The localization of molecularly distinct microglia populations to Alzheimer's disease pathologies using QUIVER

Ryan K. Shahidehpour, Abraham S. Nelson, Lydia G. Sanders, Chloe R. Embry, Peter T. Nelson, Adam D. Bachstetter

Research output: Contribution to journalArticlepeer-review

3 Scopus citations


New histological techniques are needed to examine protein distribution in human tissues, which can reveal cell shape and disease pathology connections. Spatial proteomics has changed the study of tumor microenvironments by identifying spatial relationships of immunomodulatory cells and proteins and contributing to the discovery of new cancer immunotherapy biomarkers. However, the fast-expanding toolkit of spatial proteomic approaches has yet to be systematically applied to investigate pathological alterations in the aging human brain in health and disease states. Moreover, post-mortem human brain tissue presents distinct technical problems due to fixation procedures and autofluorescence, which limit fluorescence methodologies. This study sought to develop a multiplex immunohistochemistry approach (visualizing the immunostain with brightfield microscopy). Quantitative multiplex Immunohistochemistry with Visual colorimetric staining to Enhance Regional protein localization (QUIVER) was developed to address these technical challenges. Using QUIVER, a ten-channel pseudo-fluorescent image was generated using chromogen removal and digital microscopy to identify unique molecular microglia phenotypes. Next, the study asked if the tissue environment, specifically the amyloid plaques and neurofibrillary tangles characteristic of Alzheimer's disease, has any bearing on microglia's cellular and molecular phenotypes. QUIVER allowed the visualization of five molecular microglia/macrophage phenotypes using digital pathology tools. The recognizable reactive and homeostatic microglia/macrophage phenotypes demonstrated spatial polarization towards and away from amyloid plaques, respectively. Yet, microglia morphology appearance did not always correspond to molecular phenotype. This research not only sheds light on the biology of microglia but also offers QUIVER, a new tool for examining pathological alterations in the brains of the elderly.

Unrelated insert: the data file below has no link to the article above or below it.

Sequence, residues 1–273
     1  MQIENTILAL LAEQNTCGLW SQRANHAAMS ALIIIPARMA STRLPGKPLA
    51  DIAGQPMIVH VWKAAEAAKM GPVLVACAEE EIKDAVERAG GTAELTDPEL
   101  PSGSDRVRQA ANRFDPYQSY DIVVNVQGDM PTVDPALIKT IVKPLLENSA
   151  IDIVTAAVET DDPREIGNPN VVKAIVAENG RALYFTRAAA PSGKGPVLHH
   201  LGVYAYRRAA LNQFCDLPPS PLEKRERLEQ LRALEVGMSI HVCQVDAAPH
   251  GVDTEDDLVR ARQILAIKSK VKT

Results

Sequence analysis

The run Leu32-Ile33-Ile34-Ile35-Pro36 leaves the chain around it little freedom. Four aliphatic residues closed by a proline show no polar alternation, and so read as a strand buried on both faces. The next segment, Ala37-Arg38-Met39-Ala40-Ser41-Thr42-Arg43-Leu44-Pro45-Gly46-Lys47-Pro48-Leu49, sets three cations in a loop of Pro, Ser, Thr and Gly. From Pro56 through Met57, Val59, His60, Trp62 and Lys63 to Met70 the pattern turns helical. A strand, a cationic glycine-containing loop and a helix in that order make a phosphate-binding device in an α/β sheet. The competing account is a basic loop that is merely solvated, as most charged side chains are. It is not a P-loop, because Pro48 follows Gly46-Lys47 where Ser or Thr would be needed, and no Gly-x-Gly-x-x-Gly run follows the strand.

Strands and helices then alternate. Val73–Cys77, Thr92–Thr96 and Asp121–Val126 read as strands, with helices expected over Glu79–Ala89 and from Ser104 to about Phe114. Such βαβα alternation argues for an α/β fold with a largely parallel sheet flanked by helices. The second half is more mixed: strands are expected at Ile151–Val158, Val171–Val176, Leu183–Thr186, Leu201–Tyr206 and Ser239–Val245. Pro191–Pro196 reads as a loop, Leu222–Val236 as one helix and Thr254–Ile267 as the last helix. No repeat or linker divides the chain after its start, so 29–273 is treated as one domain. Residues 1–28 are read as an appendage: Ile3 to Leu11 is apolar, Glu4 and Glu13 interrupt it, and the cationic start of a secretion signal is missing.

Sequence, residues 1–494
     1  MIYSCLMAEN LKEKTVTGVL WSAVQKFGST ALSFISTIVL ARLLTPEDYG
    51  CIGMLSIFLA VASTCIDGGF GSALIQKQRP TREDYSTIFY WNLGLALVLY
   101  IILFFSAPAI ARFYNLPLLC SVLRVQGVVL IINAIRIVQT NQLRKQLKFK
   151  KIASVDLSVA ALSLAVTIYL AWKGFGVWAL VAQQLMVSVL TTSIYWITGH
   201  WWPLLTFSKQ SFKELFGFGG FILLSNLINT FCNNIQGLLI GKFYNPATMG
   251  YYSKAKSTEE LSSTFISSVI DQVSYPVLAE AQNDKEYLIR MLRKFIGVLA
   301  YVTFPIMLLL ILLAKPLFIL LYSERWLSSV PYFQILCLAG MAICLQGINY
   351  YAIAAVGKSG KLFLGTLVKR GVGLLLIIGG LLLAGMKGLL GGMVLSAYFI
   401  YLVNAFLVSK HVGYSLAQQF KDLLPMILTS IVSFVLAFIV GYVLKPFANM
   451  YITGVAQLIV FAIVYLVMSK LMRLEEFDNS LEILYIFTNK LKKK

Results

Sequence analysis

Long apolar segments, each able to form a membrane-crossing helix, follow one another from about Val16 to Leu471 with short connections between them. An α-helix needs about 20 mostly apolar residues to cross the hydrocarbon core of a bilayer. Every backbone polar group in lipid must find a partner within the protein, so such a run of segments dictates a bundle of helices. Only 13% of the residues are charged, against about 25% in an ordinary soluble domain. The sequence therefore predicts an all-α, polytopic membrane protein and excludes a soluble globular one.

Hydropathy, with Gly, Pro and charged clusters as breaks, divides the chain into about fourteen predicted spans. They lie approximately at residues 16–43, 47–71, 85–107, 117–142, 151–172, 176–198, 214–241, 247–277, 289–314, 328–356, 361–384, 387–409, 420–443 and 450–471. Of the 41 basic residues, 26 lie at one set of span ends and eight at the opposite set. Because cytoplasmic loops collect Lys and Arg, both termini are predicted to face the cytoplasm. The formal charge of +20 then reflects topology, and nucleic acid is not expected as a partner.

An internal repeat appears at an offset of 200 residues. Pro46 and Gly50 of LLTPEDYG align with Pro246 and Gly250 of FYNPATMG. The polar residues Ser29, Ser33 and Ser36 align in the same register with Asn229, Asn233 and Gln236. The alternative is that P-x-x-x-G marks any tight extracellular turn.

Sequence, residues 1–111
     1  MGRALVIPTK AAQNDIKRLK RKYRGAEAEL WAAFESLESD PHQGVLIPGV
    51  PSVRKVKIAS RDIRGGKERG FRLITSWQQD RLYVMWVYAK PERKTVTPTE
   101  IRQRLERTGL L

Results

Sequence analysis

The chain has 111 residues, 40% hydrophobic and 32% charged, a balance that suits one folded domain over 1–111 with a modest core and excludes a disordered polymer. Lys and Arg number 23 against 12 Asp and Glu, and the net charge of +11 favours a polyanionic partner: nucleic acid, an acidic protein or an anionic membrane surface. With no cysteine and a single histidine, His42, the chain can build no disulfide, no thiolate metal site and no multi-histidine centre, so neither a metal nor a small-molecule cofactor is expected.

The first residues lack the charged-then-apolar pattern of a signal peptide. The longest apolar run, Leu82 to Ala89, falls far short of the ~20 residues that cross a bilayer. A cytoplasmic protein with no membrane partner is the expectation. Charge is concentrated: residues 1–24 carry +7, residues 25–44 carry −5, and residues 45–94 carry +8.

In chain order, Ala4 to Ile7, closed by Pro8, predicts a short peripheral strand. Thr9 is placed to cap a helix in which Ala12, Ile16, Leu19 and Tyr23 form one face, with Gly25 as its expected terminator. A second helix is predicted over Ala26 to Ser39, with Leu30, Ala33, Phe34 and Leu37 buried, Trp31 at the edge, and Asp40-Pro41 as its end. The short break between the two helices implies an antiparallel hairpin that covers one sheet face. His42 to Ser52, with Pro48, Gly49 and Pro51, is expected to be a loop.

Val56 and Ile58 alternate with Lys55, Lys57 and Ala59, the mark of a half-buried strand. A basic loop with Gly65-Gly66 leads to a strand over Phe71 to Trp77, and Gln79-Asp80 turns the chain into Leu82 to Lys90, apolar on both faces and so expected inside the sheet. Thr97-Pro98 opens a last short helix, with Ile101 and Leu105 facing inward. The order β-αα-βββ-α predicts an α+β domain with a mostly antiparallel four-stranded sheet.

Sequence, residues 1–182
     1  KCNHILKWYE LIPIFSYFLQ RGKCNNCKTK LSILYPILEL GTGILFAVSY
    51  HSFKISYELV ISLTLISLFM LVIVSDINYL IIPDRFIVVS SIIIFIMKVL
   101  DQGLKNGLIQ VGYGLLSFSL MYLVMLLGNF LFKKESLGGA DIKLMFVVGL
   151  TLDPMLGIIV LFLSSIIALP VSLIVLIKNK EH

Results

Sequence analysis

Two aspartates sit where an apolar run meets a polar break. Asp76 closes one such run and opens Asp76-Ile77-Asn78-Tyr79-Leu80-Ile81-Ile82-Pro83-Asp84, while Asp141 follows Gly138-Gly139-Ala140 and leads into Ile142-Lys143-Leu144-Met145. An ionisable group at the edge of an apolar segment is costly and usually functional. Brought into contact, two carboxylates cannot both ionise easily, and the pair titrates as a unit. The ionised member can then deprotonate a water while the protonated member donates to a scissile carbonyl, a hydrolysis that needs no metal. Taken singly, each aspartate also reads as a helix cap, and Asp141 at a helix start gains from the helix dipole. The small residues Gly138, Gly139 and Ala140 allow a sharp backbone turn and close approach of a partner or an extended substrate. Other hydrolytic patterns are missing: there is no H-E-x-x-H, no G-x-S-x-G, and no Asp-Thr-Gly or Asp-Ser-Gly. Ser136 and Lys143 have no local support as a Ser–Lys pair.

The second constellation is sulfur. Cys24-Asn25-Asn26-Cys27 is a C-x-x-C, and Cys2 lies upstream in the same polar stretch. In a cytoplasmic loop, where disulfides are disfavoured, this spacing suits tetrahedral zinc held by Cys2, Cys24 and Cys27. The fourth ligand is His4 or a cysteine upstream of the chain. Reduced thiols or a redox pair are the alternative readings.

Original languageEnglish
Pages (from-to)45
Number of pages1
JournalActa neuropathologica communications
Issue number1
StatePublished - Mar 18 2023

Bibliographical note

Publisher Copyright:
© 2023. The Author(s).


  • Digital pathology
  • Glia
  • Histology
  • Multiplexed tissue imaging
  • Neurodegenerative disease
  • Neuropathology
  • Single-cell analysis

ASJC Scopus subject areas

  • Pathology and Forensic Medicine
  • Clinical Neurology
  • Cellular and Molecular Neuroscience


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